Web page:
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Dodd-Frank Act alters preemption rules for national banks and federal thrifts
July 28, 2010
Banking and Financial Services Litigation Alert
Author(s): Karl D. Belgum

The Dodd-Frank Act, signed into law by President Obama on July 21, 2010, is being called the most sweeping overhaul of the nation’s financial regulatory framework since the Great Depression. In an update to our June 2, 2010 Alert, we discuss how the Act will impact federal preemption of state law in the financial services industry and examine some of the concerns national banks and federal thrifts will face in the months and years ahead.

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On July 21, 2010, President Obama signed the Dodd-Frank Wall Street Reform and Consumer Protection Act (the “Dodd-Frank Act”) into law. As the battle now looms over the selection of the new head of the Consumer Financial Protection Bureau (“CFPB”) established by the legislation, the focus is turning to how the Dodd-Frank Act will effect change across the financial sector.  

One of the areas in which the law is changing significantly is federal preemption. In an update to our June 2 alert, we assess how the Dodd-Frank Act changes existing preemption standards and examine some of the areas of greatest concern to banks and federal thrifts as they face a new era of consumer protection regulation and enforcement.

Existing law

The past two decades have seen a major expansion of federal preemption of state law in the banking sector. For federal savings associations (thrifts), courts have interpreted the Home Owners’ Loan Act (“HOLA”) and regulations issued by the Office of Thrift Supervision (“OTS”) as extending “field preemption”[1]  to federal thrifts. As a result, the vast majority of actions against federal thrifts have been preempted. 

Over the same period, national banks have benefited from a gradual expansion of preemption supported both by courts and Congress, leading to what many consider de facto field preemption for national banks. The recent trend began in 1994 when Congress passed the Riegle-Neal Interstate Banking and Branching Efficiency Act, dramatically expanding the scale of banking by allowing national banks to establish branches across state lines. An Office of the Comptroller of the Currency (“OCC”) interpretive letter issued shortly after its passage asserted that Riegle-Neal gave national banks the power to export the interest rates of both the state where the bank was headquartered and the state in which a branch was located, allowing banks to take advantage of the most favorable interest rates (known as the “most favored lender doctrine”). The most favored lender doctrine has become one of the hallmarks of federal preemption in this area.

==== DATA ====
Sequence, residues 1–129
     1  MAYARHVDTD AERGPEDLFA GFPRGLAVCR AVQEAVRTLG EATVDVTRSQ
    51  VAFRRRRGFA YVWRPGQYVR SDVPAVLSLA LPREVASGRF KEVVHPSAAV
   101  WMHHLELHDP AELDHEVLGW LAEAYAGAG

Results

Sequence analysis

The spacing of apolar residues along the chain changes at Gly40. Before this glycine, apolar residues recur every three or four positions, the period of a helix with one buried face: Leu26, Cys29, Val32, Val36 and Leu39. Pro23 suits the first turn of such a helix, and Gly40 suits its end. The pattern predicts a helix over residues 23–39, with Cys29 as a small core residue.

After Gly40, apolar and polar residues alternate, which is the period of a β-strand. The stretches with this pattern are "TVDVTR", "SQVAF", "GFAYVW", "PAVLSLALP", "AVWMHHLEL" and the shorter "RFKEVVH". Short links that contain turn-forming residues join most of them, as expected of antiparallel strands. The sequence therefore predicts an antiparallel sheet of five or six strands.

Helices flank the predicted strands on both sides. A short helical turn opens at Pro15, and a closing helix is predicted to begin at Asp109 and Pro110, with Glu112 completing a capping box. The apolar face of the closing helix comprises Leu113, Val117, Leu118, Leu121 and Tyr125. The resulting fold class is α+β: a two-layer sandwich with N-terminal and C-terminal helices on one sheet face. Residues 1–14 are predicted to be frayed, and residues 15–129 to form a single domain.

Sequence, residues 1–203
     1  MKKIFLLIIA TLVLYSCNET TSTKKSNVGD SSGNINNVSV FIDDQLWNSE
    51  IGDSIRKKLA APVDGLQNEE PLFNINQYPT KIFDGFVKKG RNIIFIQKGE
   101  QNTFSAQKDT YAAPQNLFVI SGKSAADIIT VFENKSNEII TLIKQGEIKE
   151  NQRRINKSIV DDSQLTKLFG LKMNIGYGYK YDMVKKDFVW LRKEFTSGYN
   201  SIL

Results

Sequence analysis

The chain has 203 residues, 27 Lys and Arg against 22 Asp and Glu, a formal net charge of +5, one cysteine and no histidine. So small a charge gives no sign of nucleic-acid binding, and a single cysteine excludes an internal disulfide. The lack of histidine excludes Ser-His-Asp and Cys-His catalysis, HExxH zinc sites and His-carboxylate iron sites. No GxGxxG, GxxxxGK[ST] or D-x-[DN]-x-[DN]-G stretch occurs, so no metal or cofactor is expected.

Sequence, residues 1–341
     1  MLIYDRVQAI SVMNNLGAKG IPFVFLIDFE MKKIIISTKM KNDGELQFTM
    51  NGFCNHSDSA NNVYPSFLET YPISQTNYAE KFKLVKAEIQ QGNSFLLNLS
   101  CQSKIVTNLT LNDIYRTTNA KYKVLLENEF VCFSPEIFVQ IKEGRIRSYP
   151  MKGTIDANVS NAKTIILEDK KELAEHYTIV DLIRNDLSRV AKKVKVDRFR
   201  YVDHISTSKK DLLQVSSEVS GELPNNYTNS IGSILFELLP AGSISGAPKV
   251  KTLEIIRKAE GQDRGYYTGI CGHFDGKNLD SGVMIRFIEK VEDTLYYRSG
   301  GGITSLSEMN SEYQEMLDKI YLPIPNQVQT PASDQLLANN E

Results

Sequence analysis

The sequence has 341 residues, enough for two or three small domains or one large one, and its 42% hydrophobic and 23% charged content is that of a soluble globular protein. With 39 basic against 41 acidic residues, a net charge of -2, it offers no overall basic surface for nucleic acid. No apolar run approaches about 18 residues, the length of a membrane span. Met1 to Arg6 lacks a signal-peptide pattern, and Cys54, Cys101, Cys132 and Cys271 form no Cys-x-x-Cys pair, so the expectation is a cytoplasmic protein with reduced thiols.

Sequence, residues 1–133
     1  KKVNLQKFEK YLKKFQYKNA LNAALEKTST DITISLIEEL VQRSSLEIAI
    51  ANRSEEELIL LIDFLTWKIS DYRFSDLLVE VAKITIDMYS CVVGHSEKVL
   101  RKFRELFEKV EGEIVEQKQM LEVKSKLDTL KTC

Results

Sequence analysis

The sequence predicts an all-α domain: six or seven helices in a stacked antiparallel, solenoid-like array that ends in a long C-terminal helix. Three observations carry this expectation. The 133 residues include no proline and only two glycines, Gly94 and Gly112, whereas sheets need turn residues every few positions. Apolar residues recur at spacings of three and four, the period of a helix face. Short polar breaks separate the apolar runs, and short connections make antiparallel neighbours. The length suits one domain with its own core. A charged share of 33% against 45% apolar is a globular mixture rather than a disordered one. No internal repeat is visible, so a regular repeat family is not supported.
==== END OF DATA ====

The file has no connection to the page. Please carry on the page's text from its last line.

Two years later, in 1996, the Supreme Court invalidated a state insurance law that prohibited national banks from selling insurance in small towns in Florida, holding it was preempted by a federal law permitting national banks to sell insurance in towns with populations of not more than 5,000 people.  The Court held that a state law that “prevents or significantly interferes” with a national bank’s exercise of its powers is preempted. Barnett Bank of Marion, N.A. v. Nelson, 517 U.S. 25. The Barnett Bank case set a new standard for preemption decisions and provided the OCC with the basis for a vast expansion of preemption law for national banks. 

In 2004, the OCC issued two sweeping rules—a preemption regulation providing that national banks and their operating subsidiaries were not subject to state laws that “obstruct, impair or condition” a bank’s exercise of its federally authorized powers to make loans or take deposits—and a visitorial powers regulation that restricted the authority of states to examine and supervise national banks, making such examination and supervision the exclusive province of the OCC. The OCC regulations also specifically listed types of state laws that are and are not preempted under federal law. 

The OCC regulations were widely criticized  by consumer groups and state attorneys general as they led to an era in which national banks enjoyed what many consider de facto field preemption.  

Changes to existing law

The Dodd-Frank Act will change the preemption landscape in several ways. First, for both national banks and federal thrifts, state consumer financial laws will be preempted only if (1) they discriminate against national banks; (2) a given law “prevents or significantly interferes with the exercise by the national bank of its powers,” as stated in the Barnett Bank case; or (3) the state law is preempted by another federal law. State laws rarely discriminate against national banks, so the relevant inquiry will most often be whether state laws prevent or interfere with a national bank’s powers or whether an existing federal law covers the subject. 

The change is most significant for federal thrifts, which will no longer enjoy the broad field preemption under existing law. While the bill also arguably weakens the preemption standards for national banks, the practical effect is still unclear. For the past 14 years, courts have interpreted the Barnett Bank standard to preempt the majority of state laws aimed at regulating national banks’ activities. The new law codifies the Barnett Bank standard and national banks will continue to rely on this largely favorable precedent. 

The Dodd-Frank Act also provides that courts and the OCC must make preemption determinations on a case-by-case basis with respect to particular state laws and can no longer rely on blanket preemption determinations like the OCC’s 2004 regulations. Furthermore, the standard for judicial review of OCC rulings will change under the new law. Previously, courts accorded a high level of deference to OCC rulings under the Chevron v. National Resources Defense Council case, which held that courts must defer to an agency’s reasonable construction of statutes administered by that agency.  Under the Dodd-Frank Act, however, courts must now apply the standard from Skidmore v. Swift & Co., assessing the thoroughness of the OCC’s consideration, the validity of the OCC’s reasoning, the consistency with other determinations made by the OCC, and any other factors that the court finds persuasive and relevant to its decision. The Dodd-Frank Act also specifically reverses the preemption effect of the National Bank Act (the “NBA”) and HOLA with respect to operating subsidiaries, affiliates, and agents of national banks and federal thrifts.